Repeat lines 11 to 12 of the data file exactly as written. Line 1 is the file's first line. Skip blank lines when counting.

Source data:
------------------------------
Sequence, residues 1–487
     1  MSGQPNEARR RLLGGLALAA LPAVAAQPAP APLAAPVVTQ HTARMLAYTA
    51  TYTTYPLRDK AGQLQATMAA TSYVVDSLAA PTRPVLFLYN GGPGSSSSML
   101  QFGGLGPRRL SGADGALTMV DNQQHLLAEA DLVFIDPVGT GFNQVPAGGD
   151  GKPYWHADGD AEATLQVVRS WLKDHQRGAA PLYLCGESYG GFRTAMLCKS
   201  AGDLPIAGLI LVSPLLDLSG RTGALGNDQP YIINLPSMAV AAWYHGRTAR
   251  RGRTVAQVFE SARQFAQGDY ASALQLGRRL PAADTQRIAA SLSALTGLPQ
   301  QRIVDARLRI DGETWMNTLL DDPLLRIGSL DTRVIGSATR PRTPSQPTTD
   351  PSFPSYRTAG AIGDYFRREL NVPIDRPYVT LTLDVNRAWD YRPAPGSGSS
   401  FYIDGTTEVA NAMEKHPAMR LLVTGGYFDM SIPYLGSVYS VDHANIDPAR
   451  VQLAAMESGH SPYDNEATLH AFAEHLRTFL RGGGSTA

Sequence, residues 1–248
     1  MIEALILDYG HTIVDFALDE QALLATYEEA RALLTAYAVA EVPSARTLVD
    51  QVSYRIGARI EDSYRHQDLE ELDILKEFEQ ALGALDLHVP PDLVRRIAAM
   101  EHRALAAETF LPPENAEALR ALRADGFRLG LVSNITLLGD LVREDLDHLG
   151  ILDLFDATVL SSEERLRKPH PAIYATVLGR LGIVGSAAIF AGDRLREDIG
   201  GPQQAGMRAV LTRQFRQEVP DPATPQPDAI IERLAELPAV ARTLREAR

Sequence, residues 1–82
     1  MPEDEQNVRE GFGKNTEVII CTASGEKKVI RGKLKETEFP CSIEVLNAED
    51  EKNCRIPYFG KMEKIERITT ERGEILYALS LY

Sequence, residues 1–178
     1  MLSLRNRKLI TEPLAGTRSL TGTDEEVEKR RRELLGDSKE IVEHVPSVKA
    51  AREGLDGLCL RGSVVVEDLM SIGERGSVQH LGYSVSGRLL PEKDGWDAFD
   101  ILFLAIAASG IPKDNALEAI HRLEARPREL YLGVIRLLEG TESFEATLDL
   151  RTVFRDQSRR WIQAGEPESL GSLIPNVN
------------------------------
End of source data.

   451  VQLAAMESGH SPYDNEATLH AFAEHLRTFL RGGGSTA

Sequence, residues 1–248